Among one of the more overused words in recent football writing (and I’m no angel in this) is ‘narrative.’ But it’s a great word, because it aptly describes what most sportswriters do: link tenuous empirical facts to craft a story for our readers with a beginning, middle, and end.
Managerial narratives are among the most popular, partly because they allow writers to explore character, and because the hiring, success/failure, and eventual sacking provide convenient plot points along the way. One could say Roberto Mancini is nearing his personal Act Three at Manchester City. Despite winning the Premier League last season in the most dramatic fashion possible, his team are facing likely elimination from the group stage in this year’s Champions League.
Failure to launch in Europe is not a new thing for Mancini; it’s the primary reason Inter chairman Massimo Moratti fired him as coach in May of 2008. And so, as expected, Mancini is taking the blame for City’s current troubles. There are many examples this morning, but here, at random, is Jamie Trecker’s:
A lot must and will be heaped on Roberto Mancini’s shoulders. He has demonstrated an alarming fecklessness during his tenure as City’s manager and seems more concerned with career-climbing than with developing an actual team. His body language Tuesday night was suggestive. When Siem de Jong rattled his first goal home, Mancini’s face was dismissive of his own team, a deflective gesture that was utterly self-serving.
Suggestive body language, career-climbing. Compelling stuff. Of course, the post-match nonsense involving Balotelli’s non-penalty call is also being used as evidence that Mancini “has lost the plot.”
None of this is necessarily false. But neither is it based in any solid, empirical evidence; all narratives after all involve some measure of creative fiction. Some however, like Infostrada’s Simon Gleave, have pushed back against the “it’s all Mancini’s fault” line today based on the myriad, unaccountable factors that also influenced recent results in the Champions League.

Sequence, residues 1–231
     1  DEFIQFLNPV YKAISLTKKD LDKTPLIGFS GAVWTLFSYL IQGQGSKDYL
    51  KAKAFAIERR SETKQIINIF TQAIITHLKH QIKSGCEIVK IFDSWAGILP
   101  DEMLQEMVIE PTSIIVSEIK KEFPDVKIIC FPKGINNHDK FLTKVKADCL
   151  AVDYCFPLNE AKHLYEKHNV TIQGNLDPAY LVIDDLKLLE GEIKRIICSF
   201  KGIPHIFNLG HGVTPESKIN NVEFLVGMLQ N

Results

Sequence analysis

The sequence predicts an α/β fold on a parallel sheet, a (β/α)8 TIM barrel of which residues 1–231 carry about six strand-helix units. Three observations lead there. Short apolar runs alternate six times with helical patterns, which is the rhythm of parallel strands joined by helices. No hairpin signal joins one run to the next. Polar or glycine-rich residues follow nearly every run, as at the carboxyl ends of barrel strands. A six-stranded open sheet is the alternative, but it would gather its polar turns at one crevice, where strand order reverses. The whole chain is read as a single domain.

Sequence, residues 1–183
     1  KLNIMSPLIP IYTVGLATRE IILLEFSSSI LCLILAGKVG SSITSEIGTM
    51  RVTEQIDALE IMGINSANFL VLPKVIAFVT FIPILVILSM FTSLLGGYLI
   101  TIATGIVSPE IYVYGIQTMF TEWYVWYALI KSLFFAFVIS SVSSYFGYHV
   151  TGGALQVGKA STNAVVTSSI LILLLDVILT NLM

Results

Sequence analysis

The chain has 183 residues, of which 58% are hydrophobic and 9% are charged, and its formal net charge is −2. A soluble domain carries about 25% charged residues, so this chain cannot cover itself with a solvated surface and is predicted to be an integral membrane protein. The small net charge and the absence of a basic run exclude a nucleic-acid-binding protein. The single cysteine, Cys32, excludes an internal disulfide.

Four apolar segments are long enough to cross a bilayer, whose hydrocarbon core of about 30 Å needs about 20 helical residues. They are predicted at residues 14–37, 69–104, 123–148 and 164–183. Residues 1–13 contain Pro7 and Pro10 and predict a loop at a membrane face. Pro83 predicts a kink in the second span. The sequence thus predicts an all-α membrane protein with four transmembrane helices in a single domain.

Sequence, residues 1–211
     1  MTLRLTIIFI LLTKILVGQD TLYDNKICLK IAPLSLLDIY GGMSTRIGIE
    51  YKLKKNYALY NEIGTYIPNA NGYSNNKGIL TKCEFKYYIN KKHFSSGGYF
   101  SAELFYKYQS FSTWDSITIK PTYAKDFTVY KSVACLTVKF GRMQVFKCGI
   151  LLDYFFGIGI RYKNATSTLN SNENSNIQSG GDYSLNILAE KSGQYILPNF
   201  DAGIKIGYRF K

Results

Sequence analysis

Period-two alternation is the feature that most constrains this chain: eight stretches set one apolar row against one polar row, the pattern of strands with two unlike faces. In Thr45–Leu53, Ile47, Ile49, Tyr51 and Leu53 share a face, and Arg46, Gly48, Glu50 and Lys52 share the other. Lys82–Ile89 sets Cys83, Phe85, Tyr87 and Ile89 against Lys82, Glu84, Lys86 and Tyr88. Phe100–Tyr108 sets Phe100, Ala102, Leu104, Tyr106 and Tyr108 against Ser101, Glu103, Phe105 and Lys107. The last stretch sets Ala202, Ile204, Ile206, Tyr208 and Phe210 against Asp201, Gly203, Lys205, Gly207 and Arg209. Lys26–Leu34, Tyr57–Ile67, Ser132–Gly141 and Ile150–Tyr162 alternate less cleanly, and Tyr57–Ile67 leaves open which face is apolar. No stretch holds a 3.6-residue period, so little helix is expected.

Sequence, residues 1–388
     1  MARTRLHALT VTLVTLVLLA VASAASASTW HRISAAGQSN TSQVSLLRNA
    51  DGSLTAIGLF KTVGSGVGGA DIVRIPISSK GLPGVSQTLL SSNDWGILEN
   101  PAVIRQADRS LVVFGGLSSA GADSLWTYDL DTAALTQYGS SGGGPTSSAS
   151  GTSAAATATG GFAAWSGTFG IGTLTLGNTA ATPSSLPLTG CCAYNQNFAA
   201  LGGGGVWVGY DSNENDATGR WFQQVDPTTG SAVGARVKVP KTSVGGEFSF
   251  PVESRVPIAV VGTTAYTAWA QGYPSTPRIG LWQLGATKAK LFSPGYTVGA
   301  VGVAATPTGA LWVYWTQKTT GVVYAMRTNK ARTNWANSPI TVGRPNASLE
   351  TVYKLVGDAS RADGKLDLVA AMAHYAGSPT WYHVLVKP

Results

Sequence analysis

I’m not certain Mancini can be absolved in accounting for City’s problems in Europe, particularly in light of some of his questionable mid-game tactical shifts in matches against Dortmund and Ajax, but Gleave does at least hold football writers to a better standard. As in: why exactly do Roberto Mancini’s teams fail in the Champions League? Is there any single element that can be identified that separates success in a domestic league from success in a cup competition? If so, what is it? How do managers influence this factor?
These questions have been hinted at in the past (as in the case of Mr. European Cup, Rafa Benitez). But I’m about 90% certain that they don’t exclusively involve career-climbing or bad body language.
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Mancini escapes disciplinary action after post-game field fury.
Theo Walcott insists he deserves to play in the starting XI.
Teenager banned from games indefinitely for verbally abusing Bolton’s Sordell.
Shakhtar Donetsk boss confident his team can overcome Chelsea
According to the latest FIFA World Rankings the Azzurri are now in fifth place.
AC Milan still hopeful despite draw with Malaga.
Barcelona’s Pedro not underestimating Scottish side Celtic
Malaga through to knockout stage with a draw against AC Milan
Dermot Corrigan recaps the Dortmund v Madrid game and why we should fear this German side.
Gary Wittman has all the details of the Schalke v Arsenal match including tactics and formation
Bit and Bobs
Missed the UEFA CL games yesterday? No worries, watch the highlights here.
Zlatan Ibrahimovich sets up all four of PSG’s goal in 4-0 victory over Dinamo.
Images that captured Tuesday’s intense Champions League matches.
Steve Wilson breaks down the odds of Manchester City still qualifying.
Thanks to Alima Hotakie for compiling today’s links.